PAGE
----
Co-insurance in office insurance policy is an important clause, which is defined as the ‘sharing of risk’ between multiple insurance companies. Usually, one insurance company leads the policy document. And the insurer would be responsible for different aspects of the policy document, including the claim. In such a case, the insurance company will levy a charge to do so. So, let’s know more about the Co-insurance Clause in Property Insurance.
It is essential for the office insurance company to give in writing what percentages of risks are to be carried out by the lead insurer and other co-insurance companies. Further, the risk allocation between different insurance companies can’t be altered during the policy term without the written consent of all the co-insurers. Moreover, the lead insurer would be responsible for negotiating the premium. Also, collecting the premium, and accounting for any tax, needed to pay concerning the premium. It is necessary to send the co-insurers a net share of the premium within 21 days of receipt. After deducting policy administration charges that the lead insurance company would entitle to deduct.
Once the claim arises, it is the responsibility of the policyholder to inform the lead insurer who would be responsible for handling claims, including their investigation settlement and payment. Any expenses related to the claim would be first paid by the lead insurance company which it can later recover from co-insurers, as per their share of risk. If the claim amount is low, the lead insurer can settle it on its own. There is no requirement for the lead insurance company to notify co-insurers about claims, except in the case of large claims. However, in those cases, where the claim is large, the lead insurer needs to inform co-insurers immediately and advise them of the progress.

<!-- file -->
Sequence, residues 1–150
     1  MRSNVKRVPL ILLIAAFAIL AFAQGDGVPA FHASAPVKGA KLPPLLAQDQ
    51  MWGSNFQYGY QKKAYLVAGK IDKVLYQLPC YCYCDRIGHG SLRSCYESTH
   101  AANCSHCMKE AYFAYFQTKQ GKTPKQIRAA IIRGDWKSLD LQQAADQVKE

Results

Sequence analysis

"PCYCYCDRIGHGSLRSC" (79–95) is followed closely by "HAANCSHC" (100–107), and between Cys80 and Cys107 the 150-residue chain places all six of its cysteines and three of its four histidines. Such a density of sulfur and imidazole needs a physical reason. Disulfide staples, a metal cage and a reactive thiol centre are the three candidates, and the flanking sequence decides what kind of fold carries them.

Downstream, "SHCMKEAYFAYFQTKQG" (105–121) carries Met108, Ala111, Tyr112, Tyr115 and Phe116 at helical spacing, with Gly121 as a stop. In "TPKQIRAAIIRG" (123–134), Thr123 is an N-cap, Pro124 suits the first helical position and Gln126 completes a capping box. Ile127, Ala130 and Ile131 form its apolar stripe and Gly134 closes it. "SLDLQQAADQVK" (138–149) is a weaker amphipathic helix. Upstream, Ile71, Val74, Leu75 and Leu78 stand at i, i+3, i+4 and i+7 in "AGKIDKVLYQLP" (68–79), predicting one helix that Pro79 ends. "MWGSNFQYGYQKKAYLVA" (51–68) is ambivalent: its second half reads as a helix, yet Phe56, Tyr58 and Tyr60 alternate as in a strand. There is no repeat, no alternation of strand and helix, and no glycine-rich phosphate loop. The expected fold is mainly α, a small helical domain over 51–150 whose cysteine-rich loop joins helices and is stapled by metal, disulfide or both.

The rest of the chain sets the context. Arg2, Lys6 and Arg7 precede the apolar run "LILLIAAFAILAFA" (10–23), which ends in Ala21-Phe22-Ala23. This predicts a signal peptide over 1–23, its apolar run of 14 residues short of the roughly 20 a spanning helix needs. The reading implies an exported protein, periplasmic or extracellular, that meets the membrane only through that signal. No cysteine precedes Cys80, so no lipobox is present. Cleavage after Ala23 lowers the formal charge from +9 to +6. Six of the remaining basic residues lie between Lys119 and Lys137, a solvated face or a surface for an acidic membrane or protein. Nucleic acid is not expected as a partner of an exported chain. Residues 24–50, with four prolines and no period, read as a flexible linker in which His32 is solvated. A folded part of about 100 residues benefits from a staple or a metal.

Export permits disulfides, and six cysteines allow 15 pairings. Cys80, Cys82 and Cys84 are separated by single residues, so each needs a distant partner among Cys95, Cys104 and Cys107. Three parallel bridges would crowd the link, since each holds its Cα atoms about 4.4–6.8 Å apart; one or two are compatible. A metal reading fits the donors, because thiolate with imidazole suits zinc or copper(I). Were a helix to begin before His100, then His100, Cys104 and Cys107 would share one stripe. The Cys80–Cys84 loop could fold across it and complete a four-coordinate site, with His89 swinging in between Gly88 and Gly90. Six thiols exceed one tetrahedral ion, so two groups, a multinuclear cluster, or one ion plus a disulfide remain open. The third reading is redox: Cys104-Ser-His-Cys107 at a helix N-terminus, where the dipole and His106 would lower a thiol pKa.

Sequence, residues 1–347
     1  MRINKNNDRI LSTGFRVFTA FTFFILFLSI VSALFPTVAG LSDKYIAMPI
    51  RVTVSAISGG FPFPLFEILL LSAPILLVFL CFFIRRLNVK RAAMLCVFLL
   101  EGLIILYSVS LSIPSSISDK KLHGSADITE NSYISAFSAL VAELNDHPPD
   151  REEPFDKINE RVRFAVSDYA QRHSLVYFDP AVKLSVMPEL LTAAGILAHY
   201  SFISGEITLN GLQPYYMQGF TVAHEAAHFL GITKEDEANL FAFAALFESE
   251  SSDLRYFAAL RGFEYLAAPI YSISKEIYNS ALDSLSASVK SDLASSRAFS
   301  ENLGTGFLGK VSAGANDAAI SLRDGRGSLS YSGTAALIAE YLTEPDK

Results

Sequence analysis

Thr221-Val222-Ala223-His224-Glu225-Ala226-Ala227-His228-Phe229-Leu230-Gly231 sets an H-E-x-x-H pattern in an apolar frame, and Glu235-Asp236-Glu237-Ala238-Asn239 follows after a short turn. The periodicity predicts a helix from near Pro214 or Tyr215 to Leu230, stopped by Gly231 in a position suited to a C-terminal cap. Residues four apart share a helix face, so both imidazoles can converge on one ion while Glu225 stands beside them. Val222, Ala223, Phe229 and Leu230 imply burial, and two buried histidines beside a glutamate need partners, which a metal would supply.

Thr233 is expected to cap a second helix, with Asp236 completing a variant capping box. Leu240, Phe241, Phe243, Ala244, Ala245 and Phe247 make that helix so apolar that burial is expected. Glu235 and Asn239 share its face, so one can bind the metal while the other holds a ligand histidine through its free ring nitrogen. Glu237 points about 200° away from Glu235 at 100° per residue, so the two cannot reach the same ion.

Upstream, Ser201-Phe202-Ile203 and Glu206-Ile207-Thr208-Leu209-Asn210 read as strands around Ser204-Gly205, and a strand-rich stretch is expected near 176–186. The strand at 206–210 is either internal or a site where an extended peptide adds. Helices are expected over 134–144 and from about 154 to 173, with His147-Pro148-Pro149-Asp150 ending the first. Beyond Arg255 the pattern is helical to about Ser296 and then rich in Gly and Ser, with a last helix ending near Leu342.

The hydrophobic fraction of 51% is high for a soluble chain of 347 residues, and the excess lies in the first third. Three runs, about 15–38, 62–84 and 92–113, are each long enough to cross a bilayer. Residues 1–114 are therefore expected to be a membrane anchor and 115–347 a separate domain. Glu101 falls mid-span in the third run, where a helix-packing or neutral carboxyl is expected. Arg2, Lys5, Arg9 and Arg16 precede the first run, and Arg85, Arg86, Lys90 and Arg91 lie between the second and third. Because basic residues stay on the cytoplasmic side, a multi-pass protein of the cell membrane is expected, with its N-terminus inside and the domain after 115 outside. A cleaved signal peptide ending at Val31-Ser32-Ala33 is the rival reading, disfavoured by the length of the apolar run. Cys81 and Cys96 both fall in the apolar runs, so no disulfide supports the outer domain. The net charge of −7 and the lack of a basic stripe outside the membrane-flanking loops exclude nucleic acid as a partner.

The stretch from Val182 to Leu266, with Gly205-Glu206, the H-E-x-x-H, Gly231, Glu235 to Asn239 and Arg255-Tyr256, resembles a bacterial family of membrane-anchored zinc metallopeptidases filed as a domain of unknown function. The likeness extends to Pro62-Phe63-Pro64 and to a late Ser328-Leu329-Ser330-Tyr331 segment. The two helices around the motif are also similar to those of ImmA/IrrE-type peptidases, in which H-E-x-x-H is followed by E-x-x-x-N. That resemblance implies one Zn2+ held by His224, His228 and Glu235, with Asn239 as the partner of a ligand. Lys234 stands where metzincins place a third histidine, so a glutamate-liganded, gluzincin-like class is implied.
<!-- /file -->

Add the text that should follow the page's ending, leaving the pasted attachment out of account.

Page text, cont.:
If you took the policy from a corporate insurance advisor, you can inform them about the claim who would inform the lead insurer on your behalf.
In all cases, it’s essential the lead insurer handle the claims in accordance with the policy terms and conditions. The lead insurer can’t agree to pay any ex-gratia settlement without taking the consent of the other co-insurers.
Further, the lead insurer has to decide the subrogation as well. In the insurance field, subrogation gives rights to the insurance company to recover their claim amount from a third party who is at fault. It means, the insurer settles the claim and approaches the third party who is at fault to recover the money. However, it’s a must for co-insurers to contribute their shares to any shortfall, in cases where recovery is not possible.
In those cases, where the lead insurer rejects a claim, the policyholder can defend itself. In this case, the lead insurer would first have to bear the defending costs, if any. That would recover later from these co-insurance companies.
All the co-insurers have to abide by rules, and in case of any conflict or dispute between insurers, a three-member committee of the Indian General Insurance Council (GIC) would handle the matter.
Case in Co-insurance Clause in Property Insurance
Since, 2000, K.S Builder has carved a niche for itself in the real estate sector. In 2013, the company got a contract of constructing a residential project in Noida. For the complete safety of the project, the company went up to purchase a property insurance policy. The company approached Insurer X to get Rs 50 crore coverage. Considering the high coverage amount, Insurer X decided to involve Insurer Y and Insurer Z as well. Here, the total Rs 50 lakh coverage was divided among three insurers. Moreover, Insurer X was the leading insurer who would decide the premium and take care of paper and other documents. Here, Insurer X would charge costs for this.
At the time of loss, K.S Builder would only need to inform Insurer X who would inform other insurers accordingly.